Omar Rivera, a blind computer technician working on the 71st floor of the World Trade Center on September 11, 2001, credits his leader dog, Dorado, with saving his life. At first, Omar released Dorado’s lead and told him to go with the crowd of people heading downstairs. A few minutes later, Dorado returned. He and a co-worker helped Rivera to escape to ground level. Shortly after they exited the building, it collapsed.

Jake Baysinger’s body and his (live) companion dog were found by a rancher six weeks after Jake had gone missing in the Pawnee National Grassland. His German shepherd dog, Cash, had evidently survived by eating small animals, and had kept coyotes away from his master's body.

These are only a few of the stories of loving, loyal dogs that touch my heart. You may have a story from your own experience. I do, and I’ve shared it in my newest book, Adventures with Vinnie, the story of a shelter dog we had.

Vinnie was handsome, affectionate, and in need of a forever home. And we were in need of another rescue dog. From his first day to his last, the only predictable thing about Vinnie was his unpredictability. Loving and loyal, an escape artist to rival Houdini, and a genuinely comical fellow, his antics will make you laugh, give you a fright (but only for a moment), and melt your heart. With Vinnie, there’s never a dull moment!

My earnings from this book go to animal shelters. The Kindle version is available for 99 cents. The paperback is $9 on Amazon. Both formats include 12 color photos of Vinnie and his family.

Donna Winters lives with her husband and two rescued canines in Michigan’s Upper Peninsula. She has nineteen books in print including fifteen historical romances, one historical novel, one contemporary romance, and two nonfiction titles. Learn more about her and her books at

Friday, February 21, 2014

Award-winning historical novel, Rebekah's Treasure. What do you treasure?

Hunting for Treasure
by Sylvia Bambola

The world is busy looking for treasure. I was a treasure seeker myself, once. Oh, I don’t mean the kind that long-ago pirates with parrots on their shoulders packed in heavy metal chests then buried in uncharted islands. I’m talking about the treasure people seek to make them feel safe and secure; to make them feel valued, significant and important; the treasure they seek to fill the void that only God can fill. Things like financial security, material possessions, pleasure, comfort, success, fame, a good reputation, happy homes and marriages, peace . . . well, you fill in the blank.

Obviously many of these things aren’t bad in themselves and in fact actually desirable and commendable. Who doesn’t want a happy home and marriage, for instance?  But the trouble with treasure is this: “where your treasure is, there will your heart be also.” (Luke 12:34) So if your heart is filled only with all your “wants” chances are you will become disappointed and perhaps even become embittered.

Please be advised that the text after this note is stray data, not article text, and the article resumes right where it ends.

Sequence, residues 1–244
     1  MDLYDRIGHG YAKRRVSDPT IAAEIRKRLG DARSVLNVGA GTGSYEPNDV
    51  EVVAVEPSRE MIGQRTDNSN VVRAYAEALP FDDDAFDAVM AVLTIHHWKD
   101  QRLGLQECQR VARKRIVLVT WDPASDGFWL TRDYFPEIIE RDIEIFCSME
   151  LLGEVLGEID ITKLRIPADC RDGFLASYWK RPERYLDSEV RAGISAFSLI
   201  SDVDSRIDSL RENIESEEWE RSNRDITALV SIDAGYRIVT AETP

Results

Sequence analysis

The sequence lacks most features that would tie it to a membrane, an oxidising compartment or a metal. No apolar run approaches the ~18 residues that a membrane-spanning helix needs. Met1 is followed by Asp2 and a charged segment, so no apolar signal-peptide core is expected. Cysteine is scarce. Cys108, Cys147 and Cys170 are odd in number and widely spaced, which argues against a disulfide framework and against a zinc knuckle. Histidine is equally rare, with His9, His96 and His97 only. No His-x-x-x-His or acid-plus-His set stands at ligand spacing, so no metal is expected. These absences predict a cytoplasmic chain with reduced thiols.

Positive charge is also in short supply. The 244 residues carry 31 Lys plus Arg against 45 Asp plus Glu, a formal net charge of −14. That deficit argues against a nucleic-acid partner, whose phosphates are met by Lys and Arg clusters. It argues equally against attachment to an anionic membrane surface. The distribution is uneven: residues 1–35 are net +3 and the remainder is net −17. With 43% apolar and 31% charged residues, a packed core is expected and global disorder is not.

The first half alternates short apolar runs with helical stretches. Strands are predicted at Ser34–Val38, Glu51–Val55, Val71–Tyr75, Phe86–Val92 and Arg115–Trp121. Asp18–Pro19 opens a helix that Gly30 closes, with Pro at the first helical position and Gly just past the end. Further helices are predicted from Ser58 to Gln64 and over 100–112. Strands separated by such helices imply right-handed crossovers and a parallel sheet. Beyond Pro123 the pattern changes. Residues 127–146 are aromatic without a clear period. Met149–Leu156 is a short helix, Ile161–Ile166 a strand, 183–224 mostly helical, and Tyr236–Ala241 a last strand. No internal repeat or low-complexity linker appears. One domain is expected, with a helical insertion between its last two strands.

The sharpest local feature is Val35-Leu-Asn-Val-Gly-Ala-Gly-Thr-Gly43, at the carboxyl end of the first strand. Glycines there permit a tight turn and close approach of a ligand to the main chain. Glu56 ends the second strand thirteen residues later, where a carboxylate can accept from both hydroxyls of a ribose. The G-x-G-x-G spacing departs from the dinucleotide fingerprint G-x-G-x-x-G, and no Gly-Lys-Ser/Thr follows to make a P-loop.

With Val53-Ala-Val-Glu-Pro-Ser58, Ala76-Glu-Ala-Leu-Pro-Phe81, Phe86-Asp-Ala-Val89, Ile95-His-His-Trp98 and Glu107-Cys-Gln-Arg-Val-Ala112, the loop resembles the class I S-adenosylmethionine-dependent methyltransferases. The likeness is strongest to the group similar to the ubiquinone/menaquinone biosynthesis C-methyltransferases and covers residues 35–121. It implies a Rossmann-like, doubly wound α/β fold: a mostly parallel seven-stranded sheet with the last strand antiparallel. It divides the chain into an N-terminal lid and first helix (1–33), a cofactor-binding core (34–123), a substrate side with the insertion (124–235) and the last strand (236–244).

Being adopted, one of the greatest “treasures” I sought was to be married and have a happy, loving family. I did meet and marry a wonderful man. So far so good. A few years later we were ready to have children. But when our first child, Vincent, was born with Down Syndrome and then died many months later, my world was rocked. That which I held most dear was suddenly taken away. “What was life all about, anyway?” I asked.  It suddenly made no sense. But oh, how our loving God uses moments like this! In the vacuum, in the midst of my searching and seeking and studying various religions, I found Him! Standing right there beside me all along, patiently waiting for me to seek the greatest treasure of all.  And that changed everything. 2 Corinthians 4:7 tells us that “we have this treasure in earthen vessels, that the excellency of the power may be of God, and not of us.” How wonderful this is! It’s the “treasure” that’s capable of filling every void if only we allow God to do it.

I wish I could tell you that after I came to know Jesus personally life became a fulfillment of all my dreams, but I can’t. Like everyone else on planet earth, I’ve had my share of trials and tribulation. But here’s the difference. When your treasure truly is the Lord, even the losses and hardships of life are bearable, and what’s more they have the awesome power to conform us into something beautiful—the very image of Christ, though not as fast and as complete as I’d like. I’m smiling here, because aren’t we all like clay between the Potter’s hands? And though our progress may be slow we can be encouraged because God promises in Philippians 1:6 that “he which hath begun a good work in you will perform it until the day of Jesus Christ.” So He’s never going to give up on us. Never! For my part I’m so glad He’s still working on me!

This whole concept of treasure is one of the reasons I wrote Rebekah’s Treasure. It, too, is a story about treasure. And though the story is set in 70 A.D. the heroine, Rebekah must face many of the challenges we face today in our violent, chaotic world. And in the end, like all of us, she and other characters in the novel must decide where their treasure lies. And make no mistake, this is not always easy. In fact it’s often a hard fought battle with the question always being: Will we seek God’s way or our own? Fame comes and goes. Finances can be shaken and depleted. A good reputation can be lost, even undeservedly. Pleasure is fleeting. And we can lose those we love. But the treasure of God’s presence in our lives, His peace, His joy remains as long as we abide in Him.